T Nation

Dad Shoots Daughter's Laptop

Haha

I blame FaceBook.

I bet she tries to sue him.

I saw this guy and thought “Push?”. But then once he said “a father who works in IT”, I was like “Nope, not Push”. Then I saw the gunshots at the end and I was like “But he has Push like qualities”.

I like this video. I hope his daughter learns something. But she won’t.

The daughter sounds like a spoiled brat.

I don’t think I would’ve shot the laptop after putting all that money into it, though.

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[quote]pushharder wrote:

[quote]WolBarret wrote:
I saw this guy and thought “Push?”. But then once he said “a father who works in IT”, I was like “Nope, not Push”. Then I saw the gunshots at the end and I was like “But he has Push like qualities”.

I like this video. I hope his daughter learns something. But she won’t.[/quote]

I’ve thought about shooting your computer a time or two, sonny boy.[/quote]

Told you. “Push like” qualities.

Once this guy’s daughter turns 18 I’m gonna really enjoy fucking her in the ass while my friend records it on his phone. Thank you for creating another slut for guys like me to take advantage of.

This post was flagged by the community and is temporarily hidden.

[quote]ZMorris83 wrote:
Once this guy’s daughter turns 18 I’m gonna really enjoy fucking her in the ass while my friend records it on his phone. Thank you for creating another slut for guys like me to take advantage of. [/quote]

you did see the .45 right? Just makin sure

This post was flagged by the community and is temporarily hidden.

[quote]pushharder wrote:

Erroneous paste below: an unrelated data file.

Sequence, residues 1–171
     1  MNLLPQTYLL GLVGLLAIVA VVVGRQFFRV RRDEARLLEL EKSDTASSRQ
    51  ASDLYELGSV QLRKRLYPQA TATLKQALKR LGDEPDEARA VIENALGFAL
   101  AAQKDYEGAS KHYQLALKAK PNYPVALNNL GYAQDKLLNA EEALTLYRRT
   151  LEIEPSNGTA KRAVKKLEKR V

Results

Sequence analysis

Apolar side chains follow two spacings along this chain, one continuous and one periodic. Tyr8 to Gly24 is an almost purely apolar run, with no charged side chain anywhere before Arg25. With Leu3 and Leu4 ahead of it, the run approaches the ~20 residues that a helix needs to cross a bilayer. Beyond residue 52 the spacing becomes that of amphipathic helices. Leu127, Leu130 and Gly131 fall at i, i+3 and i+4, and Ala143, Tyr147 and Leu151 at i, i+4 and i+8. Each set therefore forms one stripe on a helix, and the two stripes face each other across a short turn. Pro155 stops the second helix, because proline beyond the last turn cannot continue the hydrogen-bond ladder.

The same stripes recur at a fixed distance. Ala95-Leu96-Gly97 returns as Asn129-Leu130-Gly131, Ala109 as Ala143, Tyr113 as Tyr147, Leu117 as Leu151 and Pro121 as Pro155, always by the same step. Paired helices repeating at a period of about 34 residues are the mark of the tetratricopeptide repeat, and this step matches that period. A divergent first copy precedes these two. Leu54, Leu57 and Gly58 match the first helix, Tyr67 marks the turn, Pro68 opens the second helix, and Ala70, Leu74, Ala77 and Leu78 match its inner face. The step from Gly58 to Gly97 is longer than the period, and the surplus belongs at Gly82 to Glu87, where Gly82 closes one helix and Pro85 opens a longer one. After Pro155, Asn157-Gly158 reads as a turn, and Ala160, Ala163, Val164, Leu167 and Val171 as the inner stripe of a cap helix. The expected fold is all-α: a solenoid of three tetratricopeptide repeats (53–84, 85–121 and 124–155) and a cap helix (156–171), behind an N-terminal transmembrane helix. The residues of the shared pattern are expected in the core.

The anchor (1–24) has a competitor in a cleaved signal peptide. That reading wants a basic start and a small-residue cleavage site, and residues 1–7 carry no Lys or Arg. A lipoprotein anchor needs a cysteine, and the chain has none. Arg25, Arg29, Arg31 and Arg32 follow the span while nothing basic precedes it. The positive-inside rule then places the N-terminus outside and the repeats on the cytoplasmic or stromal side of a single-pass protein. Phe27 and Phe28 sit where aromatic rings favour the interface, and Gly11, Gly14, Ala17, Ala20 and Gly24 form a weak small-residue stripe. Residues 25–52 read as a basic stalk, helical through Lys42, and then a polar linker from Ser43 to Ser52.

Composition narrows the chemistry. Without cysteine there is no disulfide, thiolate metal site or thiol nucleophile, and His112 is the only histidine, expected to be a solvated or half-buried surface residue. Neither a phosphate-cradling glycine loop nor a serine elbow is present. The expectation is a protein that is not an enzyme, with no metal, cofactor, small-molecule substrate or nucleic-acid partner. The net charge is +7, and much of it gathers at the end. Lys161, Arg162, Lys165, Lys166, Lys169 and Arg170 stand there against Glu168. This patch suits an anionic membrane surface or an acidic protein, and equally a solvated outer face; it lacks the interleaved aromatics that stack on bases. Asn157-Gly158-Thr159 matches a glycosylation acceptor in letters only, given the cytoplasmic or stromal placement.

[quote]polo77j wrote:

[quote]ZMorris83 wrote:
Once this guy’s daughter turns 18 I’m gonna really enjoy fucking her in the ass while my friend records it on his phone. Thank you for creating another slut for guys like me to take advantage of. [/quote]

you did see the .45 right? Just makin sure[/quote]

Some guys simply don’t understand how effortless it would be to dispatch someone who messed with their kids. It’s uncanny.[/quote]

x1000

pure awesome

"My response to the Dallas Fox affiliate on their news headline. You can read the headline by clicking the link below:

http://www.myfoxdfw.com//dpp/news/unusual/video%3A-angry-dad-shoots-daughter%E2%80%99s-laptop-020912

I’ve made it a point of not responding to news or media thus far, but I’m going to reply to a few specific issues mentioned from the news anchors:

First, let me say Thanks for not making me out as a TOTAL villain, though you cut-together enough footage sequences to make it seem that way in segments…

It was an emotional response: Yes ma’am it was an emotional response. I raised my children to never use that kind of language, especially in a public place like that. There were so many vulgarities? I don’t even know where to start. She was mad and I get that, but there are way to talk about things without resorting to that kind of language.